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'I Hear The Agony': Increasing Coronavirus Cases Take Toll On NYC's First Responders


For weeks, emergency services have been racing across New York City to try to save lives. The stress of that and the growing numbers of deaths from COVID-19 takes a toll on these first responders. NPR's Hansi Lo Wang checked in with some of them, and he sends us this report.

HANSI LO WANG, BYLINE: The drive from home to her fire station in the Bronx takes only about 10 minutes for paramedic Elizabeth Bonilla. But these days, there's a lot on her mind during the commute.

ELIZABETH BONILLA: For each itch and every scratch that you have in your throat or a minor headache or a little sneeze - it could be analogy, but it's more like a fear that, could it be me? You know, could I be next?

WANG: Those questions gnaw at her at home, too, especially when she's trying to sleep between what are often 16-hour shifts. In fact, she started leaving the light on in her bedroom at night.

BONILLA: It's hard for me to fall asleep in the dark because I get the image of that lady or that man who either passed away or who was suffering. I hear the cries. I hear the agony of people suffocating, trying to breathe.

WANG: Responding to calls, Bonilla says, feels like coming face to face with a monster that's overtaken a patient's body.

BONILLA: It's almost like the virus is talking to you. As soon as you see a patient, it's like, oh, yeah, this person has the virus. They're pale in the face. Some of them are blue in the lips, blue in the fingers, blue in the toes. They are panting like a dog.

WANG: And Bonilla says it's easy to feel helpless.

BONILLA: You have just your little tools in your little bag. And most of our medications - I want to say all of our medications don't even work on the patient.

VINCENT VARIALE: This is like 9/11 happening every day.

WANG: Vincent Variale is president of the Uniformed EMS Officers Union. As of Friday, close to 14% of FDNY's workforce is out sick, including those diagnosed with COVID-19.

VARIALE: We were already understaffed to begin with, but now we have more people out sick, and we have an increase in the call volume. This is a recipe for disaster.

WANG: It's been more than a month since EMT Don Goepfert has lived with his wife and three children. They left their home in Brooklyn to stay with relatives in Pennsylvania.

DON GOEPFERT: Not the easiest choice, but the best choice. Some people are sleeping in their cars and not even going home or sleeping in the basement of where they live, so they - not to affect their family.

WANG: Living alone, though, made Goepfert extra nervous after he came home from a shift and started feeling body aches and his temperature rising. That night, Goepfert said he made sure to leave the front door unlocked in case EMTs had to get in.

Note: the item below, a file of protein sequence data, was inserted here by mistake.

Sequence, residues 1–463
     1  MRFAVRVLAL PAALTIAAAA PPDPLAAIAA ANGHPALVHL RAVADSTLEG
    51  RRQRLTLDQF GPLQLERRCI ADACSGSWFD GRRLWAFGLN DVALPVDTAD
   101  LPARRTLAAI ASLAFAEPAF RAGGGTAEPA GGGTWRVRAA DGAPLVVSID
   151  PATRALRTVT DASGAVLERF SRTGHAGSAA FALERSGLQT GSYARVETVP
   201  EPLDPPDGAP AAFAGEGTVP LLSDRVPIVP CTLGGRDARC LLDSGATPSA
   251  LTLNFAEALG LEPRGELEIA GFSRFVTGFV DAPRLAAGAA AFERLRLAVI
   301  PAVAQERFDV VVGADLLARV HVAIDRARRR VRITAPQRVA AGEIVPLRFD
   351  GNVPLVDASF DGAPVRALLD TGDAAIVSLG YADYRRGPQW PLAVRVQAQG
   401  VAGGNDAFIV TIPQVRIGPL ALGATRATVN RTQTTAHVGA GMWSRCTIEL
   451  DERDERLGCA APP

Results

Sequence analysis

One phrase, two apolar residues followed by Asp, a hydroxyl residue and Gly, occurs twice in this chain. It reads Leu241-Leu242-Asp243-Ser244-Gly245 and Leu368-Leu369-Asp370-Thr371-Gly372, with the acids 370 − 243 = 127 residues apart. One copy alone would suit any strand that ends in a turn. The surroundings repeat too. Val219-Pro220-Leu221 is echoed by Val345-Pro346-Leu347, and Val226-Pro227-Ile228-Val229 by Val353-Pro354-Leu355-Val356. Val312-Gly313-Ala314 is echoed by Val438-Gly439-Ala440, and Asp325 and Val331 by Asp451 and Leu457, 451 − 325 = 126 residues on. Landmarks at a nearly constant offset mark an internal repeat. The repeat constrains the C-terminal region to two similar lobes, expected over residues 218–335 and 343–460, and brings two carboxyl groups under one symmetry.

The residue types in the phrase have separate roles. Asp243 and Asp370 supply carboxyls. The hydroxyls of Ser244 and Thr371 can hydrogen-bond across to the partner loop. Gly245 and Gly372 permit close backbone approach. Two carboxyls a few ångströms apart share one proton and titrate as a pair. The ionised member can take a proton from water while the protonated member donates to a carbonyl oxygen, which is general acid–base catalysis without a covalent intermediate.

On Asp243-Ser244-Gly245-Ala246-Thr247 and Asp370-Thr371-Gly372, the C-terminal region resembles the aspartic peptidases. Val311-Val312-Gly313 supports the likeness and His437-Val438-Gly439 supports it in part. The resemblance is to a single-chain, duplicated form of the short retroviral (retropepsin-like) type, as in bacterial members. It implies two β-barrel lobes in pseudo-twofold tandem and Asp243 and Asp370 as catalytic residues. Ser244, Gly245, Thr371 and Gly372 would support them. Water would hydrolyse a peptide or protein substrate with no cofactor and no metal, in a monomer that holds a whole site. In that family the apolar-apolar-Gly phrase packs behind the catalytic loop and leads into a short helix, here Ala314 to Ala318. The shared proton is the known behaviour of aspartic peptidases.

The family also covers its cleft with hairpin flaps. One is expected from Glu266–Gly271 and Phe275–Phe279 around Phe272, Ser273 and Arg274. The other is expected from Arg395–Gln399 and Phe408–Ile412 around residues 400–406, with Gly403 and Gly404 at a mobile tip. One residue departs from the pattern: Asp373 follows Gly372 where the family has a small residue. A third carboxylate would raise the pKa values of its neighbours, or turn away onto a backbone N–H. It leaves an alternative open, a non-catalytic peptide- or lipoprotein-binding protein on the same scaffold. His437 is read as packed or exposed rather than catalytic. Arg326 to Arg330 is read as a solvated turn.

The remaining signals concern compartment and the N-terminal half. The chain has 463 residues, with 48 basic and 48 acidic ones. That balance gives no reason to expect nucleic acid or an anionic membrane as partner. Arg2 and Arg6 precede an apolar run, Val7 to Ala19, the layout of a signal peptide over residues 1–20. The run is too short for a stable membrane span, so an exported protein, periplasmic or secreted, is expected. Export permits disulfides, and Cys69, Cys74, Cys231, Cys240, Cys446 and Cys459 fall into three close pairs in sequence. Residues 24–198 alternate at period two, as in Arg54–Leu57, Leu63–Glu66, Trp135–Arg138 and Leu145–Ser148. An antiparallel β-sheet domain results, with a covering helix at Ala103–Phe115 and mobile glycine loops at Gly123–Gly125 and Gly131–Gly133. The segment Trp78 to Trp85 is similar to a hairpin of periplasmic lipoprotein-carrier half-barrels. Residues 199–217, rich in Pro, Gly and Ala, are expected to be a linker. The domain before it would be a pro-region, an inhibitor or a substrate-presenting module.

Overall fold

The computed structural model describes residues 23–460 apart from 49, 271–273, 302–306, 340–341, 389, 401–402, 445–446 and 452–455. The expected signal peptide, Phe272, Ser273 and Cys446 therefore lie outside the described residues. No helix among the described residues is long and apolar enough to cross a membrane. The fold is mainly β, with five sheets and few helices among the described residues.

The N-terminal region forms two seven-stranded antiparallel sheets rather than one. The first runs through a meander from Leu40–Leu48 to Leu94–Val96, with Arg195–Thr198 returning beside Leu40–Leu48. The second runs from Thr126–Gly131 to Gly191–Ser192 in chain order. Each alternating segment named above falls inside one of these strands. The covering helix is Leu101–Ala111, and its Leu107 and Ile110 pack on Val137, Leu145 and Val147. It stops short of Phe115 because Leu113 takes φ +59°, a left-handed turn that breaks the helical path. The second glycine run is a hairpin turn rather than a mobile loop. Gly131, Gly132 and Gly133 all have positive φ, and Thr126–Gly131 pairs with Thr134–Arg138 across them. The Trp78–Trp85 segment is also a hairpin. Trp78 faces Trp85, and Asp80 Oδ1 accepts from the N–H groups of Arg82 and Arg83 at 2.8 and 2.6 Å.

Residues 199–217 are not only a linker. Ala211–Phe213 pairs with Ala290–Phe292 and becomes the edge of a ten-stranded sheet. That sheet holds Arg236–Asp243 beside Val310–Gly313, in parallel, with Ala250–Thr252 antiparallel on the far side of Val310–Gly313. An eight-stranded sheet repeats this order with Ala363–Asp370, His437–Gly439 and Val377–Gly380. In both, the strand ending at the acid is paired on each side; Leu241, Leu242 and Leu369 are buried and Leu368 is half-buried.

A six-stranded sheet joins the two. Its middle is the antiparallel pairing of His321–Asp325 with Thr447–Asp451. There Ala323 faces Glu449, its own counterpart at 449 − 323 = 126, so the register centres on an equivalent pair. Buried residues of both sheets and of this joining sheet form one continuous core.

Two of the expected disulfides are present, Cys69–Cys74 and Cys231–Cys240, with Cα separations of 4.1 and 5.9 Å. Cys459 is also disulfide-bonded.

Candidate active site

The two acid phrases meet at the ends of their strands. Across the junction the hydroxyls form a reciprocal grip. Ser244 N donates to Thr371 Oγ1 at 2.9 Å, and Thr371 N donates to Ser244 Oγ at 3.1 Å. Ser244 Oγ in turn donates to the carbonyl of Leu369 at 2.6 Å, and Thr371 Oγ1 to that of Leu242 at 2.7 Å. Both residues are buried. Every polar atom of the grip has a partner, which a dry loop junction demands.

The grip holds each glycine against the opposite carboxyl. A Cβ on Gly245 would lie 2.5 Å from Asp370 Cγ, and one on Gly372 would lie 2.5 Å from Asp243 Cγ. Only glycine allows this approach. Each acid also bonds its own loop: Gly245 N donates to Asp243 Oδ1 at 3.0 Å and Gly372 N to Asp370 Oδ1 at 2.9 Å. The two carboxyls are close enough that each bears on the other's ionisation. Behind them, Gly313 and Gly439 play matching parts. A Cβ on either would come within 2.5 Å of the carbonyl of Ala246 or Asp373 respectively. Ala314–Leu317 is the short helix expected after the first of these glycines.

GOEPFERT: I have that anxiety in me that - what if I don't make it through the next day? So I was trying to prepare for the worst.

WANG: Now Goepfert has been diagnosed with COVID-19. He was admitted into a hospital on Friday.

There is some comfort these days for paramedic Elizabeth Bonilla. It comes at 7 in the evening, before the sun sets, when shut-in New Yorkers open their doors and windows and...


BONILLA: This is nice. This is the first time I witnessed it myself.

WANG: On a night off, Bonilla used her phone to record the city's nightly salute to first responders, hospital workers and other essential workers.

BONILLA: Oh, they're doing fireworks. Look. Oh, look at that.

WANG: While she was recording this, her two sons were watching along with her. And it's because of them she's spending most of her time at home inside her bedroom alone and worried about exposing her sons to the virus she and more than 4,000 EMS workers across the city are dealing with every day.

BONILLA: We can only wish to spend unlimited time with our family, to have dinner at the table with our family and be able to share movie time and stuff like that with our children. But we don't have that option. We take it as we can.

WANG: And when Bonilla has trouble falling asleep...


YOLANDA ADAMS: (Singing) I say a prayer every night...

WANG: She turns to gospel songs, like Yolanda Adams' "I'm Gonna Be Ready."

BONILLA: It talks about, you know, just if anything, we're here to sacrifice our lives. Whatever God has planned for us, we're going to be ready.

WANG: And in her bedroom, for now, Bonilla says, she's still keeping the light on.

Hansi Lo Wang, NPR News, New York. Transcript provided by NPR, Copyright NPR.

Hansi Lo Wang (he/him) is a national correspondent for NPR reporting on the people, power and money behind the U.S. census.